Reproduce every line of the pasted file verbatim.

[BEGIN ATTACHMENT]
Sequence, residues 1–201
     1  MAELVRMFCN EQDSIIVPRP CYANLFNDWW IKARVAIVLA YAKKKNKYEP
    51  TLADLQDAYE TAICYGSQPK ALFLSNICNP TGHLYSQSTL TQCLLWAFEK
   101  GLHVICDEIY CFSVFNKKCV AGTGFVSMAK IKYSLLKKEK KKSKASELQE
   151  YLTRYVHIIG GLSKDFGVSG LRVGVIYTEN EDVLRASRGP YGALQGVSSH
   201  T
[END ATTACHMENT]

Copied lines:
Sequence, residues 1–201
     1  MAELVRMFCN EQDSIIVPRP CYANLFNDWW IKARVAIVLA YAKKKNKYEP
    51  TLADLQDAYE TAICYGSQPK ALFLSNICNP TGHLYSQSTL TQCLLWAFEK
   101  GLHVICDEIY CFSVFNKKCV AGTGFVSMAK IKYSLLKKEK KKSKASELQE
   151  YLTRYVHIIG GLSKDFGVSG LRVGVIYTEN EDVLRASRGP YGALQGVSSH
   201  T